EdExcel AS/A2 Geography

Suggested resources:

Work schemes and associated powerpoints on tornadoes, tropical cyclones and extreme weather.

Another set of lesson resources on extreme weather in the UK and how these fit into the EdExcel specification.

Climate Change Updates for geography teachers.

Useful links for:

Extreme weather

Synoptic maps


Cold climates

Global Warming/ Climate Change

Climate Engineering


Tropical weather: hurricanes, el nino


Link to specification site, and the EdExcel GCE Geography Ning http://newedexcelgeog.ning.com/main/index/pending

Unit 1 Global Challenges

Enquiry question: Is global warming a recent short term phenomenon or should it be seen as part of longer-term climate change?

What students need to learn:

The current phenomenon of global warming should be set in the context of longer, medium and short term climate change. A range of evidence from ecology, historical records and climate change should be reviewed.
The causes of climate change may be both natural and human (anthropogenic).
Recent climate change (global warming) is unprecedented in historical terms and scientists now argue that human causes may be more to blame.

Suggested teaching and learning:

Researching the evidence of: longer-term, eg pollen analysis, ice cores, and past glacial/sea level change medium-term, eg historical records, tree rings and retreating glaciers recent, eg scientific research from weather, ocean, polar ice and ecosystem changes.
Exploring the role of variations in earth orbit, solar output, cosmic collision and volcanic emissions, as well as enhanced greenhouse gas emissions.
Assessing whether global warming is something unique or just a medium-term trend in the longer term pattern of climate variations.

Enquiry question: What are the impacts of climate change and why should we be concerned?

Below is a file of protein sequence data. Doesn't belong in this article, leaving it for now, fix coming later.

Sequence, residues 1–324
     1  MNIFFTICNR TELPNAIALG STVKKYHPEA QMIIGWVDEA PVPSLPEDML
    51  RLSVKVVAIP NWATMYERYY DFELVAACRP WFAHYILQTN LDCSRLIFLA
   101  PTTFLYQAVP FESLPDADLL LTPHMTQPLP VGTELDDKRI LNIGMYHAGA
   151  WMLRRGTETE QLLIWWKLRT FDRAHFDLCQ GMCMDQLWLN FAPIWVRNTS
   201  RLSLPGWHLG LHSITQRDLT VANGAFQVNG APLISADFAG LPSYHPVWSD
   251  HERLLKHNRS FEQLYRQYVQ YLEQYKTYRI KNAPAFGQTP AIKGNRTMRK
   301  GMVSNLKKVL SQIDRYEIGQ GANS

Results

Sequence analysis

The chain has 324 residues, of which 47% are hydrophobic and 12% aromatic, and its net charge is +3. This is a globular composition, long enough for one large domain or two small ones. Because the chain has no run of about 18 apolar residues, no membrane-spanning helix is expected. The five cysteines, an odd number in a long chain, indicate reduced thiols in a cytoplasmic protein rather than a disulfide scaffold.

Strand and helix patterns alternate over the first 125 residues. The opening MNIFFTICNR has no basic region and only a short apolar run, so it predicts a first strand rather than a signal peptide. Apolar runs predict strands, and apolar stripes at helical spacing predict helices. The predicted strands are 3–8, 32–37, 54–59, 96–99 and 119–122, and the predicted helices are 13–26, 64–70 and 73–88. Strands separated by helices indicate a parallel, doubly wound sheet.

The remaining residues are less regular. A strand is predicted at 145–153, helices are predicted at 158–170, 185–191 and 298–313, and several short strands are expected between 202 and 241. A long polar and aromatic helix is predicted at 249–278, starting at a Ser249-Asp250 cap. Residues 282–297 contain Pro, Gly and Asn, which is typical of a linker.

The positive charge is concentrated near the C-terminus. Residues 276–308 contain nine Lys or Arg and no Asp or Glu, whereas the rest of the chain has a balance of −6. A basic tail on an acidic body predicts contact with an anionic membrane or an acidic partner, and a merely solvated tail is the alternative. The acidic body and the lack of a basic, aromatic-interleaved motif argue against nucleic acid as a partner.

What students need to learn

The direct impacts of projected global climate changes:
a case study of environmental and ecological impacts of Arctic warming in the Arctic region
a case study of the complexities of economic impacts across the African continent and how it could lead to disasters for poor people.
The indirect impacts such as the eustatic rise in sea level (global inundation).
The impacts of climate change are difficult to predict and emissions scenarios, such as the IPCC model, may vary (from ‘business as usual’ to sustainable) and could be affected by attempts to manage the impacts of climate change.
The evidence that combined impacts could lead to catastrophic, irreversible changes and contribute to a more hazardous world.

Suggested teaching and learning:

Developing an awareness of the direct impacts of global warming through case studies of vulnerable places to understand the resulting environmental, ecological and economic impacts.
Investigating how sea level rise may have a disproportionately bigger effect on some countries using examples such as the South Sea islands or Bangladesh (the disaster scenario).
Researching the value of different scenarios and models in predicting future trends such as rising sea levels.
Exploring the concept of a ‘tipping point’.

Enquiry question: What are the strategies for dealing with climate change?

What students need to learn

How strategies: attempt to limit the impacts of climate change at various scales involve adapting to climate change.
The conflicting views and role of the key players in managing climate change – including governments, business, NGOs, individuals and groups. The complexities of a global agreement.
Whilst most people argue for ‘act local, think global’, management is needed at all scales and progress is likely to be incremental.

Suggested teaching and learning